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In a large pot, sauté the bacon till fats ooze, then add turkey and sausage. Once browned, remove onto a plate and set aside.

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Pour olive oil and flour into the pot. Cook over medium high, stirring constantly, until it is the colour appeals to you, light copper or very dark brown roux.

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Add onions and carrots into the pot with roux, and sweat them for 5 minutes.
Stir in the cabbage and cook until the vegetables are tender, about 5 – 10 minutes.

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Throw in the turkey, sausage, diced tomatoes, chicken broth, bay leaves, *water and salt and pepper. Bring mixture to a soft rolling boil.
*I topped with water enough to reach around the 3 – 3.5 litre marking in my pot.

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Add the rest of the optional seasonings, except butter. Go crazy with Tabasco and Worcestershire or remain tamed and adjust according to taste or leave out those that doesn’t appeal to you.
Cover pot with lid and turn down the heat. Simmer for a minimum of 20 minutes.

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Ladle as much or as little gumbo as you desire. Serve soupy-styled gumbo over rice in a bowl…

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or the gooey-styled gumbo on a plate.

Method:
1. In a large pot, sauté the bacon till fats ooze, then add turkey and sausage. Once browned, remove onto a plate and set aside.

2. Pour olive oil and flour into the pot. Cook over medium high, stirring constantly, until it is the colour that appeals to you, light copper or very dark brown roux. Besides being the thickening agent of this soupy stew, the colour of the cooked roux will determine the colour of your finished product.

3. Add onions and carrots into the pot with roux, and sweat them for 5 minutes. Stir in the cabbage and cook until the vegetables are tender, about 5 – 10 minutes.

4.Throw in the turkey, sausage, diced tomatoes, chicken broth, bay leaves, water and salt and pepper. Bring mixture to a soft rolling boil.

5. Add the rest of the optional seasonings, except butter. Go crazy with Tabasco and Worcestershire or remain tamed and adjust according to taste or leave out those that doesn’t appeal to you.

6. Cover pot with lid and turn down the heat. Simmer for a minimum of 20 minutes. Needless to say, the longer you simmer, the better the flavour but take note that the turkey may become too broken up.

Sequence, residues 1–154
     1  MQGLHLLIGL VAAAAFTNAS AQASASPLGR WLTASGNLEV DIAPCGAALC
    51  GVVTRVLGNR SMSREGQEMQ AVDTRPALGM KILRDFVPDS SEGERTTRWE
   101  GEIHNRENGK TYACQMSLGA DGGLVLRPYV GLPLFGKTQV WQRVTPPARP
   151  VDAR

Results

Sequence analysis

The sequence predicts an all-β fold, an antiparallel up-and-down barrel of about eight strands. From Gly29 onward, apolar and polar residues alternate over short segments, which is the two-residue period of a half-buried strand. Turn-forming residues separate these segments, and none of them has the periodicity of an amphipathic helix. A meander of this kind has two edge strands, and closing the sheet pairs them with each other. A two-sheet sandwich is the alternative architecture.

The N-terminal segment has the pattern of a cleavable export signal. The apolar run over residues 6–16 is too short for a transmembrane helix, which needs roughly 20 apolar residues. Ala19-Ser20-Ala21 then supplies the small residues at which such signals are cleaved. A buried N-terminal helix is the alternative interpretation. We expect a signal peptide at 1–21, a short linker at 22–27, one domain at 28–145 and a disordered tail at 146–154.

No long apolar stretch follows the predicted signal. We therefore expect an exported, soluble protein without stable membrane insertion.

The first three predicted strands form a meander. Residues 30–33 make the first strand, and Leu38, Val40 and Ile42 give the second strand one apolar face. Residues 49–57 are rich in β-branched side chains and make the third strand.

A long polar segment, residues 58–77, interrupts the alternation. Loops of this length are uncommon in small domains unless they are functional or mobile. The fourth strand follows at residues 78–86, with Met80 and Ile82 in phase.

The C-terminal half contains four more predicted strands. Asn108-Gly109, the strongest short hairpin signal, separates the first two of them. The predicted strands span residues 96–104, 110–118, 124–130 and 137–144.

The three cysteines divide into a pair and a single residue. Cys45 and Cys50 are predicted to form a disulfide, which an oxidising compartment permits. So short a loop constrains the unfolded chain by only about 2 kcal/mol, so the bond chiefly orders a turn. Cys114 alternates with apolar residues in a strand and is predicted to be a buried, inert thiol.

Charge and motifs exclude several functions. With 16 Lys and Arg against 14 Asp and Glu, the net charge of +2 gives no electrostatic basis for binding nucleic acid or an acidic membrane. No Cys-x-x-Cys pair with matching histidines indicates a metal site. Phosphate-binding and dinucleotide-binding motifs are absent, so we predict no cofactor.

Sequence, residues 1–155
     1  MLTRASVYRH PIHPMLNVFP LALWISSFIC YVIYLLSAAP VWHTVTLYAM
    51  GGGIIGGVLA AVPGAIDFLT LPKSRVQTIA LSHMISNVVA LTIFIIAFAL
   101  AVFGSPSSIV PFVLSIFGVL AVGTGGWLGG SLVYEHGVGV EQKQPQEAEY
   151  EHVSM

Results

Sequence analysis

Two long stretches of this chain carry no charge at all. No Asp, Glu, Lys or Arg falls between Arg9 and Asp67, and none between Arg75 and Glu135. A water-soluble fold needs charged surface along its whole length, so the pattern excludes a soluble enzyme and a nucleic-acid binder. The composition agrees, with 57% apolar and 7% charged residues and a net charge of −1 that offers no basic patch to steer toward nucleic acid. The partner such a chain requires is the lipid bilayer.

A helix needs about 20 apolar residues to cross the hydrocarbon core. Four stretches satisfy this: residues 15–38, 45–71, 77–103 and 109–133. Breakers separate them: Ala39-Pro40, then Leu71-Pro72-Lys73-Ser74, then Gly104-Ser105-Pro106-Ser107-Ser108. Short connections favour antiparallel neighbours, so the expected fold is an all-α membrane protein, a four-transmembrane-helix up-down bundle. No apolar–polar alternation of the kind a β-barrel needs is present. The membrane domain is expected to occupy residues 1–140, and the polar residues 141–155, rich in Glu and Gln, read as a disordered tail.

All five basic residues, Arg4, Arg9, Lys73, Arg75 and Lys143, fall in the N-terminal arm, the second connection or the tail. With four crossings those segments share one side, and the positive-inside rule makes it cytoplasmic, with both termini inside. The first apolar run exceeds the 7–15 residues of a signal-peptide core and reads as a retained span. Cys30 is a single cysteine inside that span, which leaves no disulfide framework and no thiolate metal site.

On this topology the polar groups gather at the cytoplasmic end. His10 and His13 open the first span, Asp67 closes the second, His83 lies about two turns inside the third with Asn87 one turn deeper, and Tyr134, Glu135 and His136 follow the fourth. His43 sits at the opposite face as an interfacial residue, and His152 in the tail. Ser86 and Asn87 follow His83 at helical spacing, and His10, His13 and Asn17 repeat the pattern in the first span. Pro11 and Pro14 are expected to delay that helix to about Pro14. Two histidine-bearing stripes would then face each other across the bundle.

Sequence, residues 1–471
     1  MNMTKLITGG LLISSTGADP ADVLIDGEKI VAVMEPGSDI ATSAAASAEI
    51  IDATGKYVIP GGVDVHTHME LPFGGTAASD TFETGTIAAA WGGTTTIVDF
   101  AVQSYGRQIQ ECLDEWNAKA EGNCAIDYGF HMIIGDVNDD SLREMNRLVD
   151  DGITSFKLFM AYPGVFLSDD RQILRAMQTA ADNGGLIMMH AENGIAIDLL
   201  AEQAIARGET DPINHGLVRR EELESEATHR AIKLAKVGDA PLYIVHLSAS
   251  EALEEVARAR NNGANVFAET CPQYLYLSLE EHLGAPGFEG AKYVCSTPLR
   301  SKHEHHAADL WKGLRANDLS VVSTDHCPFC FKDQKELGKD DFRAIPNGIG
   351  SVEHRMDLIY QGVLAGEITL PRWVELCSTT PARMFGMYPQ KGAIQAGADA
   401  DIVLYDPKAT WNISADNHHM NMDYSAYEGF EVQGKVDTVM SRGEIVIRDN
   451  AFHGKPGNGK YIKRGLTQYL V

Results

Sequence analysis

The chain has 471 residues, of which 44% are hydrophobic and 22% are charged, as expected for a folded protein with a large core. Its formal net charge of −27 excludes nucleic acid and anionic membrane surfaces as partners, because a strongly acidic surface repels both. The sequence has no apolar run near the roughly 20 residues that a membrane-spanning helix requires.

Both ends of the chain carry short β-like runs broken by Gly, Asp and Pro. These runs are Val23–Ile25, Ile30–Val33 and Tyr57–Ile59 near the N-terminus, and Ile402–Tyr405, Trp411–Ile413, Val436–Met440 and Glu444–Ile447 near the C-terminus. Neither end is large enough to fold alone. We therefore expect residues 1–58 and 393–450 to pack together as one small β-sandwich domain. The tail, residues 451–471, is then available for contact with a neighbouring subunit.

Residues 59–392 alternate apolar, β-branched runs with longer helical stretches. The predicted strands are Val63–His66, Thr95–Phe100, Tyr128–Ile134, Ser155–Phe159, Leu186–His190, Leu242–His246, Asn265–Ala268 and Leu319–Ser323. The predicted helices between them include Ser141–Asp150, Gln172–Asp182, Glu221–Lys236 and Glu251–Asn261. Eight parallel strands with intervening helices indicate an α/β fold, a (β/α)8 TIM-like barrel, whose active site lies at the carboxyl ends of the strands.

7. Keep the lid on during simmering. If you take the lid off too often you might need to (or not) add more water to maintain the liquid level that suits your desired stew viscosity – soupy or gooey.

8. Taste and adjust final seasonings. Once cooking is done, turn off heat and fold in the optional dollop of butter if using. I find that butter gave this stew a luscious body. In fact, I will substitute butter for the olive oil in Step 2 (roux) next time because I want that coveted body! (wink wink)

9. Ladle as much gumbo as you want over hot rice.

10. Top your rice with grated parmesan/dotted with more hot pepper sauce, again optional.

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Lea & Perrins’ Worcestershire Sauce possesses a peculiar piquancy and because I had used tons, as well as loads of Tabasco Hot Sauce in this stew, “Sam’s Hot Piquant Gumbo” is born!

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My first go at Sam’s Piquant & Hot Gumbo was so good that a week later during a car ride, KT casually mentioned that he felt like eating it again. As luck has it, I had another packet of turkey drumstick meat (tasted more “gamey” then turkey breast) in the freezer. I made it again using butter instead of olive oil for the roux. I did not put in sausage this time. I also did not grate any parmesan or add oregano like last time. I used two slices of fresh old ginger root when stewing. I also made it more soupy by not reducing the stock as much as I did the first time. It tasted wonderful, too!

Verdict: This recipe is a keeper! I definitely liked it soupy just like Ashlee. 🙂

Disclaimer: Ingesting “Sam’s Hot & Piquant Gumbo” may cause lots of exaggerated lips movements and digested “Sam’s Hot & Piquant Gumbo” may cause lots of sensational bowel movements. You Have Been Warned!

Happy cooking, bonding and eating! 🙂

Back to Basics: Rice

Click here for Chef Ashlee’s inspirational Chicken and Sausage Gumbo Recipe.